Human Rights for All Ages
Ending the Greatest Human Rights Tragedy on Earth!
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Thanks for coming to the Human Rights For All Ages campaign website. We hope you will want to stand up for the human rights of the preborn on the one day of the year that is specifically dedicated to human rights. First of all, plan to have a presence of some kind on International Human Rights Day in your own area. Then if you have chapters or groups in different states/cities/locations please send the link to this page to them, encouraging them to have a presence on International Human Rights Day in their area.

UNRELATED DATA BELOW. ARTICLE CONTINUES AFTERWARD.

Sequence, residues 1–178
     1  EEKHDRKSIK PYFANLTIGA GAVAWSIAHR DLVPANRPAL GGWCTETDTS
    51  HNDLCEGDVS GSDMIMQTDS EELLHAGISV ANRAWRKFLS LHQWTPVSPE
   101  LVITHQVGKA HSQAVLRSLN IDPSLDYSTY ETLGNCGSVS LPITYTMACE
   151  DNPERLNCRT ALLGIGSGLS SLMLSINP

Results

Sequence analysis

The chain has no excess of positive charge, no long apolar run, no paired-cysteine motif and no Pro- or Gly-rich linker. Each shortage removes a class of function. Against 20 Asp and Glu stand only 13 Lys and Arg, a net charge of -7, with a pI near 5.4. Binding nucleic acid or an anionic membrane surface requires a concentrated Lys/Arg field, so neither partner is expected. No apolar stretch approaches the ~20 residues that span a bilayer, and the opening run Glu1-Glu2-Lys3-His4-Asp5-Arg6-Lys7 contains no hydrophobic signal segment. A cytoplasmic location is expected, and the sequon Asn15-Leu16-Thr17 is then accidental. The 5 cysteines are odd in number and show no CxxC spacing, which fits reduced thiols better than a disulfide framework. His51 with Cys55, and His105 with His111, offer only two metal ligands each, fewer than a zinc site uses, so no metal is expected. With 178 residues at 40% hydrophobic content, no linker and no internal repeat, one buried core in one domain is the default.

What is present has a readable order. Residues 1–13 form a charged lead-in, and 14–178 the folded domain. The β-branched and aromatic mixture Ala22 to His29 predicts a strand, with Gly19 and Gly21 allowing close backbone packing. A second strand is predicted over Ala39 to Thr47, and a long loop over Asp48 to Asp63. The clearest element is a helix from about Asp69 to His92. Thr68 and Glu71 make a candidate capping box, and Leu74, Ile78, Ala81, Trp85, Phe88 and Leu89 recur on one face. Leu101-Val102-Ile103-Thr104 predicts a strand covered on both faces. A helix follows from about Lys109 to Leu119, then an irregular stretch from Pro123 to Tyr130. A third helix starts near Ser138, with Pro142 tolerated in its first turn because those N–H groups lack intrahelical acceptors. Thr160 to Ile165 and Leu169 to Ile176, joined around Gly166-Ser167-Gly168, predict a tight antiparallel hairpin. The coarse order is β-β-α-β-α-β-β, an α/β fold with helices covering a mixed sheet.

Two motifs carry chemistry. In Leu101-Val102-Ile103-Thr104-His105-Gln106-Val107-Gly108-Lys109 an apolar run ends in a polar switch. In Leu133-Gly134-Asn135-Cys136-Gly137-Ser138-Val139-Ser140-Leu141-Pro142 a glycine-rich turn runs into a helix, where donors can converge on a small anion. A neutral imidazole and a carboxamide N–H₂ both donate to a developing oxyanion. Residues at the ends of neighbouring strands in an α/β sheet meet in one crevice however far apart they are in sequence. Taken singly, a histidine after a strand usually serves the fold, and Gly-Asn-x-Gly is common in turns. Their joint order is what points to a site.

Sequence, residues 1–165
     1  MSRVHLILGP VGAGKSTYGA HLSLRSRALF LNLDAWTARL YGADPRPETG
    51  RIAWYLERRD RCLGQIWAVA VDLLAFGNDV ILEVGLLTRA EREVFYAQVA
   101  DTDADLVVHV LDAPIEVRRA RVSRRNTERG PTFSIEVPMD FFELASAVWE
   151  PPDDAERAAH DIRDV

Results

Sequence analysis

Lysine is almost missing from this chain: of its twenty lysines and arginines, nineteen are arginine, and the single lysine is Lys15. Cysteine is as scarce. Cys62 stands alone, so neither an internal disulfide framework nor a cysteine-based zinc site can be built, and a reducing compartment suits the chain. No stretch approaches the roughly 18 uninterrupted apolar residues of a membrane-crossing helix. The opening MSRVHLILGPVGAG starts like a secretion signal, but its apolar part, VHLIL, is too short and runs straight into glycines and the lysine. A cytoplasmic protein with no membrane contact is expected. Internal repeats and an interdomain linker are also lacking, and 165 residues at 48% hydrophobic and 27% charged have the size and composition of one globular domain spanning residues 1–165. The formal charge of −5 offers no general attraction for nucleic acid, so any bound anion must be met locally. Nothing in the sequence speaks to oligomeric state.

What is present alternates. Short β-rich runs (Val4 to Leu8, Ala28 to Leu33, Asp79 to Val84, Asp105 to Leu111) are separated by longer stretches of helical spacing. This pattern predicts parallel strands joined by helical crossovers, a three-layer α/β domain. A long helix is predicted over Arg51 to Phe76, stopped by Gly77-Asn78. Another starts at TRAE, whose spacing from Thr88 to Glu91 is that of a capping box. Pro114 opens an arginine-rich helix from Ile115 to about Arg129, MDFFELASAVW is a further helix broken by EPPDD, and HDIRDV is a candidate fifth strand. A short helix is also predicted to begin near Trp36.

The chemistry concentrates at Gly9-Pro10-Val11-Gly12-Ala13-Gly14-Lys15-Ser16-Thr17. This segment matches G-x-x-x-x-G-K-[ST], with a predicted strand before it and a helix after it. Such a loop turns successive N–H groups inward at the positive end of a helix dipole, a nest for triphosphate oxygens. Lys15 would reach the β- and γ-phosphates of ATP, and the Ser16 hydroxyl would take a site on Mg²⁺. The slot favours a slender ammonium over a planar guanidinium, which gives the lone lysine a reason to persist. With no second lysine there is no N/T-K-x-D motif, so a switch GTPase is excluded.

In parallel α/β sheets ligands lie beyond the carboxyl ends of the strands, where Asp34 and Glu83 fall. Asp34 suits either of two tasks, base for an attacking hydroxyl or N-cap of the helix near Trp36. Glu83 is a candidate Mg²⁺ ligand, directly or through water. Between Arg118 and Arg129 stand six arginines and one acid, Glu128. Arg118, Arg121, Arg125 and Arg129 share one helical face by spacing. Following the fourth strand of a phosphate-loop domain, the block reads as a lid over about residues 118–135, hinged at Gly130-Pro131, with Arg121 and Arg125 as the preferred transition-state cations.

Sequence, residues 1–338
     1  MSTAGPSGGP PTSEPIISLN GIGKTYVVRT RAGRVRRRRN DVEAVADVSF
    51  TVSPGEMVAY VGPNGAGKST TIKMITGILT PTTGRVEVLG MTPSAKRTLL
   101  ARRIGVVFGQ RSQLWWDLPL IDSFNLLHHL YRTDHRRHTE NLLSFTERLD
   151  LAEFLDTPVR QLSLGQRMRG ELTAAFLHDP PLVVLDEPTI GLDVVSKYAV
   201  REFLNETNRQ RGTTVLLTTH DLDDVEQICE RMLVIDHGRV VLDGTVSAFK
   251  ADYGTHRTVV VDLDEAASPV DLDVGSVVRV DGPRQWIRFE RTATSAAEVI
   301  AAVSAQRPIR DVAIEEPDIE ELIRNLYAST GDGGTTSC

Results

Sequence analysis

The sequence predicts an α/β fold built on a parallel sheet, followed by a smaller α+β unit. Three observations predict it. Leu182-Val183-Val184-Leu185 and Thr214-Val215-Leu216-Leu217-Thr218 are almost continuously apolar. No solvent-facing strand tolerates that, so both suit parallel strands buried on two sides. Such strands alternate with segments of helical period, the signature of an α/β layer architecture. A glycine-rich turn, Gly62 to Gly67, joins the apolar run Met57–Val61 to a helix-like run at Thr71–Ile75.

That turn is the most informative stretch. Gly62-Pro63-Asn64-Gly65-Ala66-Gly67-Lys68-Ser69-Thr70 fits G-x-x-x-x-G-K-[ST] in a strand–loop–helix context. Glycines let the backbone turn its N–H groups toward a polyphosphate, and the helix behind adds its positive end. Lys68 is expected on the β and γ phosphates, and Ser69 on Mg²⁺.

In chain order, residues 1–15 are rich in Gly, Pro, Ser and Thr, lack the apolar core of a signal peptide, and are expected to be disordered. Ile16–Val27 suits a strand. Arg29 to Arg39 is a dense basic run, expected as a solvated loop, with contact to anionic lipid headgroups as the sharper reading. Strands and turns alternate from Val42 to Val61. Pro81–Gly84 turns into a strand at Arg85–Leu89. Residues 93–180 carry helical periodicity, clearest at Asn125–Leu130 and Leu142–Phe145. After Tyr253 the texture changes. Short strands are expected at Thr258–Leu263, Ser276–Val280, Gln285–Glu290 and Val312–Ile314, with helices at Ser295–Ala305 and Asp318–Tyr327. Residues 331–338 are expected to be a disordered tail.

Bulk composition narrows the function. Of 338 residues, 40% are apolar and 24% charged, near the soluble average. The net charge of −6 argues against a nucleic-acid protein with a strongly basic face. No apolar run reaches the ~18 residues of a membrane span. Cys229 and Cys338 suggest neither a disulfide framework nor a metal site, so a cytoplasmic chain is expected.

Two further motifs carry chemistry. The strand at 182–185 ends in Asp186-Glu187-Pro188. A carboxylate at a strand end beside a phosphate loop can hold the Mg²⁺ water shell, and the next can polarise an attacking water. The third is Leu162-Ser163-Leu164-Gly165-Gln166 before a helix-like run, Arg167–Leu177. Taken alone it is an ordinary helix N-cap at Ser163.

The first thing to do is to determine if there is already a Human Rights Day celebration in your area. I have created a list of all of the celebrations/commemorations in the U.S. that I have been able to find out about. (If you are in a different country then I apologize, but I will have to leave it up to you to do your own research in this regard. You might start, though, by checking out the United Nations Association in your country.) I did quite a bit of work chasing them all down, so the list should be fairly comprehensive, but there are bound to be at least a few that I missed, so if your community isn't on the list, that doesn't necessarily mean that there is not such an event in your community. If you find that you do have such an event in your community, then the approach would be to (first, let me know so I can add it to the list, thenů) sign up to have a table, booth, etc. so that the unborn are represented. I assume most of you are well practiced at representing the unborn to the public. I have, however, put up a representation of what such a table might look like if it were being done under the banner of Human Rights For All Ages (see bottom of page).